Effects of underfeeding in early lactation on the yield and composition of milk produced by high and low breeding index cows : a thesis presented in partial fulfilment of the requirements for the degree of Master of Agricultural Science in Animal Science at Massey University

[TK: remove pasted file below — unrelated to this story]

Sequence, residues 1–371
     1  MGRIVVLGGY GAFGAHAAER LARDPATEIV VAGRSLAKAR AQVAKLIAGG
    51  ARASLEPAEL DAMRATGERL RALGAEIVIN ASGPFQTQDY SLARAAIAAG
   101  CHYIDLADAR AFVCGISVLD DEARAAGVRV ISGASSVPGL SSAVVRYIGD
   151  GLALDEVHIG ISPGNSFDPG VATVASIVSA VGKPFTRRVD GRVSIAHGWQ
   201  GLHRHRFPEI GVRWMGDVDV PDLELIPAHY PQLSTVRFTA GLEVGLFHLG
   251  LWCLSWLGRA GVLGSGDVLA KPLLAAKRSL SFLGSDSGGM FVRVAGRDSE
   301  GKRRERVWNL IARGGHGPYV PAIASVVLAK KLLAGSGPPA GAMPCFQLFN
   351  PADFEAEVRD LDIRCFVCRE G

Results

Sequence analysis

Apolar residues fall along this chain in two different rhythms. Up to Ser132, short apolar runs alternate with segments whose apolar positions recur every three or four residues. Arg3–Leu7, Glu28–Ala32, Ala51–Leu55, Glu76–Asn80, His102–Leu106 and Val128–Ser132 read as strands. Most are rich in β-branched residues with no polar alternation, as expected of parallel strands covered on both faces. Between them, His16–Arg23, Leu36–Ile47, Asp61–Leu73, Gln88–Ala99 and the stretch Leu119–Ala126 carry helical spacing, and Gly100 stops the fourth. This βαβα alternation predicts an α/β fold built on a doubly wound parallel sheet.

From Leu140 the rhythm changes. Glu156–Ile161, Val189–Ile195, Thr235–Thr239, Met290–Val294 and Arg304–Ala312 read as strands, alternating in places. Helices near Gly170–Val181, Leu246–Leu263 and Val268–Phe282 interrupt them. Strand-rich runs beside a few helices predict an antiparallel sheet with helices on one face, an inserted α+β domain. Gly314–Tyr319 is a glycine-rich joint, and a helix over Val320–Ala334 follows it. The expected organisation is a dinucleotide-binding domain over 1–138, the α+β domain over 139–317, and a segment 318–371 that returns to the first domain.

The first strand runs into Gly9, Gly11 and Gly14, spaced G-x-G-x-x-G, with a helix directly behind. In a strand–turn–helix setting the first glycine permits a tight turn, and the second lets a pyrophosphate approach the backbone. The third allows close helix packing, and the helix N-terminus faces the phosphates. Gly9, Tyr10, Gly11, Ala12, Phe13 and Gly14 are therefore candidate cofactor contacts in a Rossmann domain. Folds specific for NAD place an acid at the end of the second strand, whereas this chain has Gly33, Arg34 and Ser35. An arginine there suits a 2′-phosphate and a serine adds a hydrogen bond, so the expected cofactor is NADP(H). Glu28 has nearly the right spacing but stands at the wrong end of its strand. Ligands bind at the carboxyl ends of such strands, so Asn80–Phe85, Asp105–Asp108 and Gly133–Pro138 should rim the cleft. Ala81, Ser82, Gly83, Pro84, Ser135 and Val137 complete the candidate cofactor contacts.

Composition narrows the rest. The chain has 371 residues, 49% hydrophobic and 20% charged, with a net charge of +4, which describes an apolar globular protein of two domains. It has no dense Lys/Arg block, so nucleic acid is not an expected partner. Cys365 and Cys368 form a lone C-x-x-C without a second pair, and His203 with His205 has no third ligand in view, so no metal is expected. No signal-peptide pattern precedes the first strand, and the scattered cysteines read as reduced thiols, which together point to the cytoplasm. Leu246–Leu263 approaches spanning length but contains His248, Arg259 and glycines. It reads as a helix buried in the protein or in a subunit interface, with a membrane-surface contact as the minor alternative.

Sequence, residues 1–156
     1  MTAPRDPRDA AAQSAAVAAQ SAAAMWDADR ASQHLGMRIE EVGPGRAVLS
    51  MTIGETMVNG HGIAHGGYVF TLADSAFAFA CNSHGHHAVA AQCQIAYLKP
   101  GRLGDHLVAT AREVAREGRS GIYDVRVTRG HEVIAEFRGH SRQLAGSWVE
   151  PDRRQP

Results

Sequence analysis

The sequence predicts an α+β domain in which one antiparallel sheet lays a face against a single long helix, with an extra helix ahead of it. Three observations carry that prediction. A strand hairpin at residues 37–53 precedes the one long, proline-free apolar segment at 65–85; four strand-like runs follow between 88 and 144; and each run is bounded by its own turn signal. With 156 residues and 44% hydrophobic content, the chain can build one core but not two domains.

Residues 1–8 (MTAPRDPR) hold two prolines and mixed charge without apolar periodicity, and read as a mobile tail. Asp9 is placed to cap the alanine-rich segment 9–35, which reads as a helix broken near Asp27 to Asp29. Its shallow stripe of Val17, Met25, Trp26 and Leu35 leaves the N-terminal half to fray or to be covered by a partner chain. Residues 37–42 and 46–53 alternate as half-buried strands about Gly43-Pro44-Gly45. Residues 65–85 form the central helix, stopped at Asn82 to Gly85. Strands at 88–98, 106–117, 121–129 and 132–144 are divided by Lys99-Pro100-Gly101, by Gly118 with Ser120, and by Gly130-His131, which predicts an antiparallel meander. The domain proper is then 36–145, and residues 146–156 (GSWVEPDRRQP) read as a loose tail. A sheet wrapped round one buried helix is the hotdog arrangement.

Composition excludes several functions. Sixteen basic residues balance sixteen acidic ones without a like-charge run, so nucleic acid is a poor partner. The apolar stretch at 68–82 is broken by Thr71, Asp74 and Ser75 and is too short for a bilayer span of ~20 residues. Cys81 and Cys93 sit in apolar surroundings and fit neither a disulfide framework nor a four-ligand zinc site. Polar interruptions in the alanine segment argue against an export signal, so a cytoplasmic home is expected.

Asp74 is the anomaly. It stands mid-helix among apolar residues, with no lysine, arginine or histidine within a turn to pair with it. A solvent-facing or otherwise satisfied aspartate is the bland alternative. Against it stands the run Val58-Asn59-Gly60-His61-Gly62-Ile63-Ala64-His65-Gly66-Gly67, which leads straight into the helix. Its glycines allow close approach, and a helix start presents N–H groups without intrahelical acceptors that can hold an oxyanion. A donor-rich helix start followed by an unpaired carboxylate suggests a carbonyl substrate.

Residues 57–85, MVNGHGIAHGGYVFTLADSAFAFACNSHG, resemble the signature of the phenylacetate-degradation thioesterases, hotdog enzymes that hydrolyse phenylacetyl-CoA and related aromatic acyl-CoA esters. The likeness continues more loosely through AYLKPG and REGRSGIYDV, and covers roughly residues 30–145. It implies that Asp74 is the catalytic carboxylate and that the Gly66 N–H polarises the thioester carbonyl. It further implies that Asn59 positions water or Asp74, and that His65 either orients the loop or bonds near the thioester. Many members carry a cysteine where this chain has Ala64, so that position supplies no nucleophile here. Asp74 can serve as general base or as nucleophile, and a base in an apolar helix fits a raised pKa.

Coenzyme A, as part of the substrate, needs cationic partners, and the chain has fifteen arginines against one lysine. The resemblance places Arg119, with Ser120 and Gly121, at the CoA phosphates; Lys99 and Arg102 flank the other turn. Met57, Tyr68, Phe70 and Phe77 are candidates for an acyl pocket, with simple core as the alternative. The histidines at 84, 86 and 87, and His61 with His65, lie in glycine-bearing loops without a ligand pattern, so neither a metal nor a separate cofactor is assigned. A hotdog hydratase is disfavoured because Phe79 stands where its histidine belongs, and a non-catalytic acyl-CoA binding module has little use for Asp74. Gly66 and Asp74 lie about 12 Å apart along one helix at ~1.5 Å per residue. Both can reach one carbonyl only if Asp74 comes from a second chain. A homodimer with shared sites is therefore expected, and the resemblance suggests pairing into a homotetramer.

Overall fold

A grazing trial was carried out to examine the interactive effects of underfeeding in early lactation and cow breeding index on milk yield and composition. From the fifth week of lactation, 16 high and 16 low breeding index cows were fed at a restricted or ad libitum feeding level. Digestible organic matter intakes were estimated directly using the herbage cutting technique and indirectly using the chromic oxide technique. Intake was reduced due to underfeeding by approximately 45 % In comparison to cows on the ad libitum feeding level, underfed cows showed reductions in milk, milkfat and milk protein yields, milk protein concentration, long chain fatty acid concentration in the milkfat and liveweight gain. Milkfat concentration, short chain fatty acid concentration in the milkfat and loss in body condition were increased. Following the return of all cows to a generous feeding level, previously underfed cows produced lower daily yields of milk, milkfat and milk protein for three to five weeks and gained more liveweight and condition over mid-lactation. The residual effect of underfeeding on milkfat production was 1.0 times the immediate effect. There appeared to be no effects of previous underfeeding on milk composition, concentrations of short chain or long chain fatty acids in the milkfat or digestible organic matter intake. Cow breeding index interacted with the effects of underfeeding in that high versus low breeding index cows showed (a) a smaller residual effect of underfeeding on milkfat production (0.8 versus 2.0 times the immediate effects, respectively) and (b) a greater immediate reduction in milk protein concentration due to underfeeding.